Q2: What does your portfolio’s governance risk profile look like?
It is important to consider and assess the risk profile of your portfolio to inform the design and areas of focus for your portfolio governance function. In particular, understanding your portfolio’s potential sources of governance risk, known issues, organisational capability and capacity, and degree of shared responsibility or management for governance components are key considerations. It is also important to recognise that this risk profile can change across different types of portfolio entities (with consideration of their mandate, how large or small they are, and so on). The governance risk profile can also change as the public administration landscape and priorities shift. Becoming familiar with what governance risks and issues are more significant and how and when they may lie outside your risk appetite, is a key step to effectively designing a portfolio governance function.
Q3: What strategies and models should you employ?
Organisations that are leading implementation of a portfolio governance function can employ different strategies and operating models to manage, seek assurance, and maintain communication with portfolio entities in relation to portfolio governance risks and issues.
While there is no one size fits all, there are a spectrum of approaches, with varying degrees of centralised influence and control – ranging from a light-touch, advisory and facilitative approach, to a much more highly centralised and controlled approach between portfolio entities. The approach must carefully consider the preferred balance between the degree of oversight exercised by the department of state (or other leading entity), with the autonomy of portfolio entities and their accountable authorities. Other relevant factors that influence the preferred approach also include:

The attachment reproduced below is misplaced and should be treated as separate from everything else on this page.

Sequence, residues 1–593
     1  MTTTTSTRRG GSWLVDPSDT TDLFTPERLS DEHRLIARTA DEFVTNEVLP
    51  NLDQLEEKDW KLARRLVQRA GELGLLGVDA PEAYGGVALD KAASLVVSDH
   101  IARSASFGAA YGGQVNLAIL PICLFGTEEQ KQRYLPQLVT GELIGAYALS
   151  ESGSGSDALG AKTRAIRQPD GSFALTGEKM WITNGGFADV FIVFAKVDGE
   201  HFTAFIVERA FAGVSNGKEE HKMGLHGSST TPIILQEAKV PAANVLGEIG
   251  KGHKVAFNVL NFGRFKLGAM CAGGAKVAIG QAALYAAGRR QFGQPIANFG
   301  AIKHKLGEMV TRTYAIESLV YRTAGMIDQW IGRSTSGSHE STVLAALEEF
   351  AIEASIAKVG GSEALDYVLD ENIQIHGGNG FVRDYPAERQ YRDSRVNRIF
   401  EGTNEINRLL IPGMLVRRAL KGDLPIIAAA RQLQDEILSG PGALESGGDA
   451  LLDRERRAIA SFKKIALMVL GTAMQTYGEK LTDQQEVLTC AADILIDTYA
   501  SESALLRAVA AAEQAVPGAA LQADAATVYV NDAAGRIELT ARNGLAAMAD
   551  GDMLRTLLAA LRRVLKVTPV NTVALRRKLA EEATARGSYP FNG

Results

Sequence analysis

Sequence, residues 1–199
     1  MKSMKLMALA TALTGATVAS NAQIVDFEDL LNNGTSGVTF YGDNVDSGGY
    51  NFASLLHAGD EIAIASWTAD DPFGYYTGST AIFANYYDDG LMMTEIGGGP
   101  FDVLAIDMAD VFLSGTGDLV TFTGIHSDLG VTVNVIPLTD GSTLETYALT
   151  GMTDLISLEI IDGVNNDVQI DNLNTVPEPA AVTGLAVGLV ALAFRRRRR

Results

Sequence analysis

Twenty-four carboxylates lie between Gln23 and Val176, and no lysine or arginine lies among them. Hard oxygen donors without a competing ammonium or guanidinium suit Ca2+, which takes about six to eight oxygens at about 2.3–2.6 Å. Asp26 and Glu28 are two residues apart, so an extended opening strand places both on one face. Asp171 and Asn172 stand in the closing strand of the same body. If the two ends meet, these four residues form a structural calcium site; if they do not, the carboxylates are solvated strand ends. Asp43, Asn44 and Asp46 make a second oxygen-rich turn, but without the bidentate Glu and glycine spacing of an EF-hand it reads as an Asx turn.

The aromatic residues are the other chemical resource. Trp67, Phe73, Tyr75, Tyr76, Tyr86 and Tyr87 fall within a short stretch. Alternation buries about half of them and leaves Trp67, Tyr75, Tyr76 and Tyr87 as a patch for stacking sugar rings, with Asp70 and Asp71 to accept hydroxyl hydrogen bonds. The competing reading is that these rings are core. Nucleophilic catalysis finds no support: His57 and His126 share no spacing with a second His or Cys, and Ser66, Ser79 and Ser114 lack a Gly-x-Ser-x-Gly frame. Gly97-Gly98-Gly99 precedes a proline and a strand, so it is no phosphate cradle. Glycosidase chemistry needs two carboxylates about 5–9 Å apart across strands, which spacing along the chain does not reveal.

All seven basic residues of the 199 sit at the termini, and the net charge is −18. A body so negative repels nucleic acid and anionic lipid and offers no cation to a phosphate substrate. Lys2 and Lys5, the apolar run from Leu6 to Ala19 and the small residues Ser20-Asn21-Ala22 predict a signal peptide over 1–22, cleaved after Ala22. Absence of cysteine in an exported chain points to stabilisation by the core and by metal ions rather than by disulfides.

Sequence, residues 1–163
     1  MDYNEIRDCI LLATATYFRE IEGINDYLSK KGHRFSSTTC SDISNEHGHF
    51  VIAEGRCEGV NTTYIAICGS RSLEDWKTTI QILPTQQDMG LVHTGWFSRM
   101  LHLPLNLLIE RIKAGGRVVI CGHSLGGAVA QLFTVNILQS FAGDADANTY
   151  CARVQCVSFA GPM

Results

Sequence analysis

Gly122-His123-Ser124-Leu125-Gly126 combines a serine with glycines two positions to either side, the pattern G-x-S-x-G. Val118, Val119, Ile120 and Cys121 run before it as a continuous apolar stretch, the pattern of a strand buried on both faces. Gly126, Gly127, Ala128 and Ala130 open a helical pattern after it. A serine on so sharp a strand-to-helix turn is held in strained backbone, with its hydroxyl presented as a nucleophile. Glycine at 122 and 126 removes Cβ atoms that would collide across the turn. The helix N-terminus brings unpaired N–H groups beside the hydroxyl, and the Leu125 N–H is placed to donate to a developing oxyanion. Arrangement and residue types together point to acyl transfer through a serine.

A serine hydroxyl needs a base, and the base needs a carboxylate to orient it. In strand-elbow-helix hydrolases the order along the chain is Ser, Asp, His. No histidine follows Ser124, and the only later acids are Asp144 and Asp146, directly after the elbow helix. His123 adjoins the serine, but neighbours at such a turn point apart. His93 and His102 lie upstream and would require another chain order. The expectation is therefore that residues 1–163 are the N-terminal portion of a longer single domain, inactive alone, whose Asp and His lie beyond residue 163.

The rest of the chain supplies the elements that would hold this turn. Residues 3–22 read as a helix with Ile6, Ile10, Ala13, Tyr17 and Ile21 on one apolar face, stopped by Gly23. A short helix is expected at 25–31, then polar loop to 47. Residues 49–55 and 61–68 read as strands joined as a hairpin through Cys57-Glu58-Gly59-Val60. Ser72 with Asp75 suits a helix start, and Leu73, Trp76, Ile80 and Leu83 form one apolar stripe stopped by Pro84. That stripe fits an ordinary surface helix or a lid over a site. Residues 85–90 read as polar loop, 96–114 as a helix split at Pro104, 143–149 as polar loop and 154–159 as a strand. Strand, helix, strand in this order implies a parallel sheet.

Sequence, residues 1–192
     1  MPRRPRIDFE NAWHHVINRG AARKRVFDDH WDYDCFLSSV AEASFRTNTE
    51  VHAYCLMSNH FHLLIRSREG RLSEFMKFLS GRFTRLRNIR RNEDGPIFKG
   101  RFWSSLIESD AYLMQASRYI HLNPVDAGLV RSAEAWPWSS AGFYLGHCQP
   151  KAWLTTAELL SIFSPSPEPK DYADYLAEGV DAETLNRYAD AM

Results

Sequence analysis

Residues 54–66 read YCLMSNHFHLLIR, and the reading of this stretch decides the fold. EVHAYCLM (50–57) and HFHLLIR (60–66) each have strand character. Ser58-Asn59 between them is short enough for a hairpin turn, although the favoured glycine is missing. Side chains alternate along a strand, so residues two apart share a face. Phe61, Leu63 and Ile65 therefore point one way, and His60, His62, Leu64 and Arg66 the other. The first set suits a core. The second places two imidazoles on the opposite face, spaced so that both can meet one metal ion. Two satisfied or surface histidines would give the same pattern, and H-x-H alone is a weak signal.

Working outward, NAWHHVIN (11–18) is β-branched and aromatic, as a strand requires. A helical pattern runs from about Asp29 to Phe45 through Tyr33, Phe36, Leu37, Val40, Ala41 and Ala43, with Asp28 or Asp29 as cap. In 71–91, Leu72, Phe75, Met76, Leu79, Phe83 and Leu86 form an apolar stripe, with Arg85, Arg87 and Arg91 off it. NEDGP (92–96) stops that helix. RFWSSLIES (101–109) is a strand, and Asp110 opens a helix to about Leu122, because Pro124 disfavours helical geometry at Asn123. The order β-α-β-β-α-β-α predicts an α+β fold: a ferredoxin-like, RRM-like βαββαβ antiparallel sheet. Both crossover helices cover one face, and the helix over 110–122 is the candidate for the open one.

- The objectives of the portfolio or leading entity in relation to the portfolio governance function.
- The portfolio’s governance risk profile and where issues may be likely to arise.
- The existing relationships between the leading entity and other portfolio entities.
- The existing capability and capacity within the leading entity and across the portfolio.
Regardless of the model selected, the articulation of roles and responsibilities (both of internal and external stakeholders) is vital to effectively set expectations and operationalise portfolio governance.
If you are looking to examine what portfolio governance arrangements would best suit your organisation, Sententia Consulting’s experienced governance and risk consultants can assist. Our personnel have unparalleled experience and exposure with public sector portfolio governance functions, and also have an understanding of how analogous relationships in the private sector have been designed and operate.
Contact our portfolio governance experts today.